Reopening Plan:

  • Along with Washington Gov. Jay Inslee and Oregon Gov. Kate Brown, Newsom announced a regional partnership to coordinate the reopening of the West Coast. Nevada and Colorado also joined.
  • Newsom provided a four-phase plan for reopening the state.
  • Newsom said certain low-risk retailers may reopen in a limited fashion beginning May 8 and released specific guidelines for them to follow. Sellers of items such as clothing, books, music, toys and sporting goods, as well as florists, would be allowed to offer curbside pickup.
  • When the state entered stage two of its reopening plan, offices, pet grooming, car washes, malls and outdoor museums were allowed to operate under certain limitations.
  • Restaurants opened under specific restrictions in select counties.
  • Newsom said on May 18 that in-store retail may resume in early June.
  • Counties that have met certain health criteria are allowed to move deeper into the second reopening phase. Barbershops and hair salons in these counties can reopen with certain modifications.
  • Los Angeles County allowed gyms, fitness facilities, day camps, museums, galleries, zoos, aquariums, campgrounds and swimming pools to reopen on June 12.
  • LA County also permitted professional sports league arenas to resume operation without spectators and gave the green light for film and television production.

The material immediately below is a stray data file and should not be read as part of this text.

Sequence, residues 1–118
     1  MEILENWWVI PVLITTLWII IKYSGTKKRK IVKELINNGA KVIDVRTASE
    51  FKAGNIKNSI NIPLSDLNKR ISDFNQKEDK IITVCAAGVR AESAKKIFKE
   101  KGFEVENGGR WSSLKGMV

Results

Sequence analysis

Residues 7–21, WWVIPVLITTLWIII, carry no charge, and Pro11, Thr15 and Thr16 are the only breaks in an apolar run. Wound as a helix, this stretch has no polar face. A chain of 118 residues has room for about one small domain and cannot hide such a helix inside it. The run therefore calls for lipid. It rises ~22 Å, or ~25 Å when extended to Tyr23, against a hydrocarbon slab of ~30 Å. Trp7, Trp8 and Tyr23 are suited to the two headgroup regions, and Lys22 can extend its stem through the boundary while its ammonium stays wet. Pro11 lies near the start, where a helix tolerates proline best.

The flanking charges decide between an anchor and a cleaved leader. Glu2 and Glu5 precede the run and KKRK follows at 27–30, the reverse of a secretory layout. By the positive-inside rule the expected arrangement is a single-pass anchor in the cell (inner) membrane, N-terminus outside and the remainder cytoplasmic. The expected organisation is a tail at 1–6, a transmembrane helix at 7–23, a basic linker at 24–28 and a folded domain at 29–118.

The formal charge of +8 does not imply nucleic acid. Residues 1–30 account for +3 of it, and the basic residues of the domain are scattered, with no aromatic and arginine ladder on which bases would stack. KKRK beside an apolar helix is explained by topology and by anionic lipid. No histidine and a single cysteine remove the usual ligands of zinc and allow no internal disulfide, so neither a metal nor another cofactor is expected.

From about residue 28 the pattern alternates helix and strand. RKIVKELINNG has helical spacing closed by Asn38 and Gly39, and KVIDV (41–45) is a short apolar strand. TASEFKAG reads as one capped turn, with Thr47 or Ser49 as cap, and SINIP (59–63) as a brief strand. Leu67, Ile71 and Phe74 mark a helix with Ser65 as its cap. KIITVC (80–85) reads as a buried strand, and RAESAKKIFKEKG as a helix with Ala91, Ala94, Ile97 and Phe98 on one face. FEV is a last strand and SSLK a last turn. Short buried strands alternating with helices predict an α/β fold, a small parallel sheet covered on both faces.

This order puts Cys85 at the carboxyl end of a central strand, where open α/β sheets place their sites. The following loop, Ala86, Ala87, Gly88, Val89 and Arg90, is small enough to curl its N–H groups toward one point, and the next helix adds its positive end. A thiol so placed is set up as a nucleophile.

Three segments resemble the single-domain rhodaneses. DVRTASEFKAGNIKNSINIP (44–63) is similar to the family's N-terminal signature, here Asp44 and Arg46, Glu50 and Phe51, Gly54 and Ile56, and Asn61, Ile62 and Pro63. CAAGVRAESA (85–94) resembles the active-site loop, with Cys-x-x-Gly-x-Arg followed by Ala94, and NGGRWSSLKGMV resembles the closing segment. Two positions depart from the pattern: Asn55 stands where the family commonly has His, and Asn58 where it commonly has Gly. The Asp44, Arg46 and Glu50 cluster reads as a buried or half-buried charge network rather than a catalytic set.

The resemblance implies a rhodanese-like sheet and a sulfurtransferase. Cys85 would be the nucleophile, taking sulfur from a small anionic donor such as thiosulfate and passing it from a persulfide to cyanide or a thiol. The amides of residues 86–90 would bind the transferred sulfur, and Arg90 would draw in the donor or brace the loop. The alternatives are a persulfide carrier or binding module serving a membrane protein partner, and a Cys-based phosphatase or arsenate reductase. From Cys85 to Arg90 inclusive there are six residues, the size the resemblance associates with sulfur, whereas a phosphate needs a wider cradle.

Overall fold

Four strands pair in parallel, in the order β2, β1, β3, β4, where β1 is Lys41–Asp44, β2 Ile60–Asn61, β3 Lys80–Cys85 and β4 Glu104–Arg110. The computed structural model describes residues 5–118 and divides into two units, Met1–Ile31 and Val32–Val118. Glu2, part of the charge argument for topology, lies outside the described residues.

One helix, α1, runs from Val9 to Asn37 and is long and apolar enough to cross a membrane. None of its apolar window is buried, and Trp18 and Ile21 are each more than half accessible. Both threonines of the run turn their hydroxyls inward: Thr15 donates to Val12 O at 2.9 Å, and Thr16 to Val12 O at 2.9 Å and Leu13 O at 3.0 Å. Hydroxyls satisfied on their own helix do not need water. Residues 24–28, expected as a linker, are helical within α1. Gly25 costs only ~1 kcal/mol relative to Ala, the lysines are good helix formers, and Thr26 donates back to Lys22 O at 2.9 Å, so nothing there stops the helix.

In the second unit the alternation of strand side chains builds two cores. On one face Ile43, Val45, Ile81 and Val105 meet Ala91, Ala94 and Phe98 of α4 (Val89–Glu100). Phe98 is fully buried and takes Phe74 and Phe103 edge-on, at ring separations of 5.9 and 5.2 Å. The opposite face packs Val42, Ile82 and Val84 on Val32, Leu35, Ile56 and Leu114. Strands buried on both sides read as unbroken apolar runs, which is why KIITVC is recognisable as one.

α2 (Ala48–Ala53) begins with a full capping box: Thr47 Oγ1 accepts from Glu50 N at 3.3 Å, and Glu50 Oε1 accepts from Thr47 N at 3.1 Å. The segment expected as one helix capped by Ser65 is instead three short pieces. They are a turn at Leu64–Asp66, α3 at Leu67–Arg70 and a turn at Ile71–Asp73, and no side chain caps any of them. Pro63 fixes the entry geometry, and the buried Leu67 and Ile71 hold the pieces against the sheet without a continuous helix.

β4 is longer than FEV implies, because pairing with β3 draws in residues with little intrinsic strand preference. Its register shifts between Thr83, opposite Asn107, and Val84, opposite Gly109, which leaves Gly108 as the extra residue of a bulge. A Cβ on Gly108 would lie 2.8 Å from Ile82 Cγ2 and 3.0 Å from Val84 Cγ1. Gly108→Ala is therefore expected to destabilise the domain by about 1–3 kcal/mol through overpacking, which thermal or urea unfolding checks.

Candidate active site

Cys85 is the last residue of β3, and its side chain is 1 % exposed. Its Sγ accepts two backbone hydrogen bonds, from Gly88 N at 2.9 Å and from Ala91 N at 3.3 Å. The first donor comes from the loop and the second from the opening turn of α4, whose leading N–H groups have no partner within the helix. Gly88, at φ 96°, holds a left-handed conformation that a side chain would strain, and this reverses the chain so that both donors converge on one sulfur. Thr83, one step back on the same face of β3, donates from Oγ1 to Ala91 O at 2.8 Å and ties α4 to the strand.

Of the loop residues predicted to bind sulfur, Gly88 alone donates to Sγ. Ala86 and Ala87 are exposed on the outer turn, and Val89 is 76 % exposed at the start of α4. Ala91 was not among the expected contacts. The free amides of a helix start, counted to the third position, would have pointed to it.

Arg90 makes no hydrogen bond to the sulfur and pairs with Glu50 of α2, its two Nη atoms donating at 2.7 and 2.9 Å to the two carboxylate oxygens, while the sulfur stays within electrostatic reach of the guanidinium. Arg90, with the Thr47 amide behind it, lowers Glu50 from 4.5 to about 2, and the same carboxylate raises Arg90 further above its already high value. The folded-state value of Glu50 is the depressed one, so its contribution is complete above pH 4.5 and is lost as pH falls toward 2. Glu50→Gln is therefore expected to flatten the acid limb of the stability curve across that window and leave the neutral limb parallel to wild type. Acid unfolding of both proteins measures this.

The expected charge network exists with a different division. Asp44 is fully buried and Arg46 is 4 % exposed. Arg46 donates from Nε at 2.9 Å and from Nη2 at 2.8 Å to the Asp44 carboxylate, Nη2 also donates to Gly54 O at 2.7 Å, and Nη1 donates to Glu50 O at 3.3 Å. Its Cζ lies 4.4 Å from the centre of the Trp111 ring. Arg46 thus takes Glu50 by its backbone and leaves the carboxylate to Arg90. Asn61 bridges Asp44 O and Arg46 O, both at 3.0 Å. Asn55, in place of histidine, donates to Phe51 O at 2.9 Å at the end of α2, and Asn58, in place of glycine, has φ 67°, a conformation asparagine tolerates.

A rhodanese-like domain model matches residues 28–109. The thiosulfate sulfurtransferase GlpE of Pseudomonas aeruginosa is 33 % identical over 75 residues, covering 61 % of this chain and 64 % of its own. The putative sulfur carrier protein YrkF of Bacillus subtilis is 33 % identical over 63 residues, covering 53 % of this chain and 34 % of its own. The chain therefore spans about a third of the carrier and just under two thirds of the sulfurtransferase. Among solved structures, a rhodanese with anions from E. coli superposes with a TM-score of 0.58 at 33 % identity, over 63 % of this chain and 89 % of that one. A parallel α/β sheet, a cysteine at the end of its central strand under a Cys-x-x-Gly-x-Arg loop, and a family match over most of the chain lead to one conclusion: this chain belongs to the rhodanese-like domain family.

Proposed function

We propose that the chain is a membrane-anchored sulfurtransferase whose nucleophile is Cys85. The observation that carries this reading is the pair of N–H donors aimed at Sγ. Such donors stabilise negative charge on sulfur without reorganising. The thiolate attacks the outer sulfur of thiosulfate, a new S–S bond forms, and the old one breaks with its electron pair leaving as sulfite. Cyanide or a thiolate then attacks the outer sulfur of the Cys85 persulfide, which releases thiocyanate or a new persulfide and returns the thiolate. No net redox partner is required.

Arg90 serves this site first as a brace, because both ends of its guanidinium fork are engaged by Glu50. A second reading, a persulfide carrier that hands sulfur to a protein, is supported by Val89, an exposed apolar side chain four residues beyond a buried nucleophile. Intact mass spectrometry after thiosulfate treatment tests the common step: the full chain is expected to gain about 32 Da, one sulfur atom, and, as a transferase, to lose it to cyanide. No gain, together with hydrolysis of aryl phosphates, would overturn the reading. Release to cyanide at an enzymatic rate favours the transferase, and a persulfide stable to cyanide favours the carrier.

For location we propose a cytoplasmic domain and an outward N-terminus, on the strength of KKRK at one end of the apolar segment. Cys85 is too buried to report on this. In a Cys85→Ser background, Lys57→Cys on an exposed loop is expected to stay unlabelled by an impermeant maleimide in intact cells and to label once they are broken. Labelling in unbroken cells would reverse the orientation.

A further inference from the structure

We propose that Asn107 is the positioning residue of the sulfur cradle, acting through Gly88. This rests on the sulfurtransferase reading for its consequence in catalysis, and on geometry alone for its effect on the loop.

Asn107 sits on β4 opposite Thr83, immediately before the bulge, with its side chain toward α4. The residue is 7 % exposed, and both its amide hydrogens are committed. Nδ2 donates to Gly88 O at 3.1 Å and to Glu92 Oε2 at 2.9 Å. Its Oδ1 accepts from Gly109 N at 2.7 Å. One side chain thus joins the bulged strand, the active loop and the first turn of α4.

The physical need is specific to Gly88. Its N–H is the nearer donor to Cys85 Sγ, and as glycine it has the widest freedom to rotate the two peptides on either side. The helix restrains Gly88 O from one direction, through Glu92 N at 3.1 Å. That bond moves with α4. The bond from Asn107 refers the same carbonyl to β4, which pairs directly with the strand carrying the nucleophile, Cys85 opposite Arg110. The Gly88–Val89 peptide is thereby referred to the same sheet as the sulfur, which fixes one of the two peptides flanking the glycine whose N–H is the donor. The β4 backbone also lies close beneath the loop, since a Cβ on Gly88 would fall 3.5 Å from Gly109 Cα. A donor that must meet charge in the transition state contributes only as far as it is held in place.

• The state requires residents to wear masks in public.
  • On June 28, Newsom ordered multiple counties, including Los Angeles County, to close bars and nightclubs.


  • Colorado Gov. Jared Polis enacted an executive order mandating residents to stay at home.
  • Polis ordered the closure of nonessential businesses.
  • The order went into effect March 26 and its end date was extended from April 11 until April 26.
  • Colorado schools are closed through the academic year.

Reopening Plan:

  • Polis released a "Safer at Home" order on April 26 that outlines how certain businesses can safely reopen.
  • Retail businesses were allowed to reopen for curbside delivery on April 27. The order also gave the green light for real estate home showings and voluntary and elective medical procedures, as long as safety protocols are followed.
  • Nonessential retailers could publicly open on May 1, and offer curbside pickup, drive-thru and delivery service. 
  • Noncritical commercial businesses could operate with 50% reduced in-person staffing as long as there are safety measures in place beginning May 4.
  • Restaurants were able to allow in-person dining at 50% capacity beginning May 27.
  • Day camps can open June 1 with health precautions in place. Overnight camps must remain closed through June.


  • All Delaware residents were ordered to shelter in place starting March 24 after Gov. John Carney declared a state of emergency